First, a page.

Two doses of the measles, mumps and rubella vaccine, or MMR, are about 97% effective in protecting someone against measles, though about 3% of people who get vaccinated do not build enough immunity, the said.

The model also shows what would happen if the vaccination rate in all South Florida schools decreased by 10%. Under this simulation, cases would balloon, with the model bathing the counties in red measles dots. The simulator estimates there could be 54,476 cases of measles recorded in nearly nine months in a worst-case scenario, with 77% of the cases in people who don't have immunity.

"The purpose isn't, was never to scare people ... the purpose was to educate and to show you this could happen. It's a plausible outcome," said Liller. "Will this happen for sure? No, no one knows."

But given how Florida's vaccination rate among children is decreasing, "you inch a little bit closer to how bad this could really be."

What is the current school vaccination rate in Florida?

About 94% of seventh graders in Florida completed the mandatory vaccinations needed for school, including the MMR vaccine, for the 2021-2022 school year, according to the most recent school immunization report available online through the Florida Department of Health. This is just below the 95% threshold recommended by the WHO.

Florida for several years had a vaccination rate of 95% or higher among seventh graders until COVID-19 struck in March 2020.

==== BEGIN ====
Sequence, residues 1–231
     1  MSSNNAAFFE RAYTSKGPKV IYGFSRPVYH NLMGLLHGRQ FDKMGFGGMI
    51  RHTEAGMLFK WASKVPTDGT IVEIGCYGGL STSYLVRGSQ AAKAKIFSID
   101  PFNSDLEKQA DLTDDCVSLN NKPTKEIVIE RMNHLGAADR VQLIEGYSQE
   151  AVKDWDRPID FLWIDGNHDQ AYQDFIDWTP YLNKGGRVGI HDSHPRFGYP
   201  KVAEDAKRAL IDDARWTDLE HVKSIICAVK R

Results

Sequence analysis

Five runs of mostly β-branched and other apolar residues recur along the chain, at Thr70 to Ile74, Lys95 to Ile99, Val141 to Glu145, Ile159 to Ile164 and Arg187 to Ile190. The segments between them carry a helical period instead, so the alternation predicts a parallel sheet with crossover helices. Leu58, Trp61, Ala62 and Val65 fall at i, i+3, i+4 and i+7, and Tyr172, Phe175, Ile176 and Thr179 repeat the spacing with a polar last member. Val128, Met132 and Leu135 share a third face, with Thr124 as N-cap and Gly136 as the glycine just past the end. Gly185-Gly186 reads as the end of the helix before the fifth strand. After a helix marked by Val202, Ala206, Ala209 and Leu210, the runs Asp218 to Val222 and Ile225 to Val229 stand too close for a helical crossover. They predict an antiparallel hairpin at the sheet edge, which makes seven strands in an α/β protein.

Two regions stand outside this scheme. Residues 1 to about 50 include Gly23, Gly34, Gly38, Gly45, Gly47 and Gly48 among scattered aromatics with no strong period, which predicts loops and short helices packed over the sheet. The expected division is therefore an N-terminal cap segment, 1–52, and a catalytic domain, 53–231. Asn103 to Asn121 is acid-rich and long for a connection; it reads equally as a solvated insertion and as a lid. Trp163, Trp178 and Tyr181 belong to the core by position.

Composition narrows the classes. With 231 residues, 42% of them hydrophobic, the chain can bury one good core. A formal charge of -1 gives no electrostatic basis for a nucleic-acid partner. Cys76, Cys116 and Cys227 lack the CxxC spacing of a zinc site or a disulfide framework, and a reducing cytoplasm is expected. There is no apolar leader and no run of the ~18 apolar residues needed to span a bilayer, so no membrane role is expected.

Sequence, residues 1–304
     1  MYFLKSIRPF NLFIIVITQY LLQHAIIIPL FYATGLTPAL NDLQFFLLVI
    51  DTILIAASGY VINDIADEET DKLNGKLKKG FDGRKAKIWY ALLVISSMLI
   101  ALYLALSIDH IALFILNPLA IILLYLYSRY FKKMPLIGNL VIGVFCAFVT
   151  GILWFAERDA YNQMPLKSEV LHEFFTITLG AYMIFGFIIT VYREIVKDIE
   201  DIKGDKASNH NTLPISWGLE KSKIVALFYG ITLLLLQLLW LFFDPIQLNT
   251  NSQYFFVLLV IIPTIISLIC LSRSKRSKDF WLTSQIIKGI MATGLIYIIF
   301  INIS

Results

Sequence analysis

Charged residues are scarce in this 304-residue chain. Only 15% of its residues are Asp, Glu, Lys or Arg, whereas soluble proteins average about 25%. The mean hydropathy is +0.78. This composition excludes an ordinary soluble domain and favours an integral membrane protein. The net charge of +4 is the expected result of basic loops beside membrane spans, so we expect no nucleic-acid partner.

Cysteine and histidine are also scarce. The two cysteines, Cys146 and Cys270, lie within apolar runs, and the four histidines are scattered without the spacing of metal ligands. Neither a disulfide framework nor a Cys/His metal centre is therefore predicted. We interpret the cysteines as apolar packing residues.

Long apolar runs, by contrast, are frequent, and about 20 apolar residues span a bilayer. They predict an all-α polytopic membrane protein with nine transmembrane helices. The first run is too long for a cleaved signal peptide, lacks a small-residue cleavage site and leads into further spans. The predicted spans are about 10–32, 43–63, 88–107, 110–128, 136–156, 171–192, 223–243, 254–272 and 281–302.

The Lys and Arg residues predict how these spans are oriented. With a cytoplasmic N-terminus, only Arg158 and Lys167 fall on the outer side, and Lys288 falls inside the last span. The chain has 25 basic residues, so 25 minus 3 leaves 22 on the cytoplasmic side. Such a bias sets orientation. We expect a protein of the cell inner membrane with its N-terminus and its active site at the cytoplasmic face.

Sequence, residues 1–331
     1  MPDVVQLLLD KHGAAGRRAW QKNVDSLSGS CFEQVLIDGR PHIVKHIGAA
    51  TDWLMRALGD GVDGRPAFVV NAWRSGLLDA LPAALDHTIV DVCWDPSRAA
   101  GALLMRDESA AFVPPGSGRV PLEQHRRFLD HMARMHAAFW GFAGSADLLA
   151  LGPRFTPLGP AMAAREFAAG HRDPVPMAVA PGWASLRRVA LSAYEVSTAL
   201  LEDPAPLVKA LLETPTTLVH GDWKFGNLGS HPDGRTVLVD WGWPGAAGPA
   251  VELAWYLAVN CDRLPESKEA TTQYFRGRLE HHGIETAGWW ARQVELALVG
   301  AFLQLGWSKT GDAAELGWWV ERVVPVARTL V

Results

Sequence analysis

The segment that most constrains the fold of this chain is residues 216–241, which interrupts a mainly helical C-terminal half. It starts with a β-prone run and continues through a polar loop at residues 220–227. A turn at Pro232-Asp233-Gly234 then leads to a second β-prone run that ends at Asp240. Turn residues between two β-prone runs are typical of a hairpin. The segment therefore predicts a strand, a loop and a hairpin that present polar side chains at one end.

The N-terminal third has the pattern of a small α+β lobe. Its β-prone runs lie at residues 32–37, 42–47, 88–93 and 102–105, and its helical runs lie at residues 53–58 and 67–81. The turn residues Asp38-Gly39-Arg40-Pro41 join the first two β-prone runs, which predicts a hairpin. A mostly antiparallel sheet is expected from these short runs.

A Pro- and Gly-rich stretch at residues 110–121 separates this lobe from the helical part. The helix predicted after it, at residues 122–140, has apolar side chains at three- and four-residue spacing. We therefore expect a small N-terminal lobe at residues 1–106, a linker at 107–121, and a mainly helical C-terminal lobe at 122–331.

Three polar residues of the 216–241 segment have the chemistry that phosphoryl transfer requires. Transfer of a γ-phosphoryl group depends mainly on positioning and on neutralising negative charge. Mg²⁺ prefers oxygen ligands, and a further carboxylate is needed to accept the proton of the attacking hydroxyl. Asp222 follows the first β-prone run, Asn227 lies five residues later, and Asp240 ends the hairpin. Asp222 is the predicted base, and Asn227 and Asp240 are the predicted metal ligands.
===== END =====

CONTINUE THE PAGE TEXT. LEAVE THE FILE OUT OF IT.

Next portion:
The Broward seventh-grade vaccination rate hit the 95% threshold for public and private schools in the 2021–2022 school year, according to the most recent countywide data available. Miami-Dade and Palm Beach remained below the threshold, with nearly 94% and nearly 93% immunization rates, respectively, for seventh graders in public and private schools in the 2021–2022 school year.

The vaccination rate is lower among kindergarten students in Florida schools, mirroring a national trend.

The U.S. has seen a nationwide decline in childhood vaccinations since the COVID pandemic, an alarming trend that could increase the "risk of outbreaks of -preventable diseases," according to the CDC.

And measles outbreaks are continuing to emerge across the country. The U.S. has recorded 41 measles cases within the first two months of 2024, as of the CDC's March 1 update. Ten of the cases were recorded in Florida in February. Nine of the infected are children who live in Broward County and seven of them are students at Manatee Bay Elementary school in Weston. The other measles case is an adult in Polk County, Central Florida.

Now that there's a measles outbreak in Florida, Roberts and Liller are considering updating their simulator to show the measles risk in Florida post-COVID pandemic. For now, they're hoping the current simulation will continue to help spread awareness about the importance of vaccination.

"My hope would be they see this simulator and think not only for their own health or their children's health but the health of other children as well ... we need to take politics out of this and we need to look at this as a true public health issue," said Liller.

2024 Miami Herald. Distributed by Tribune Content Agency, LLC.

Citation: How quickly could measles outbreak spread? Here's what 'worst-case scenario' looks like (2024, March 11) retrieved 19 May 2024 from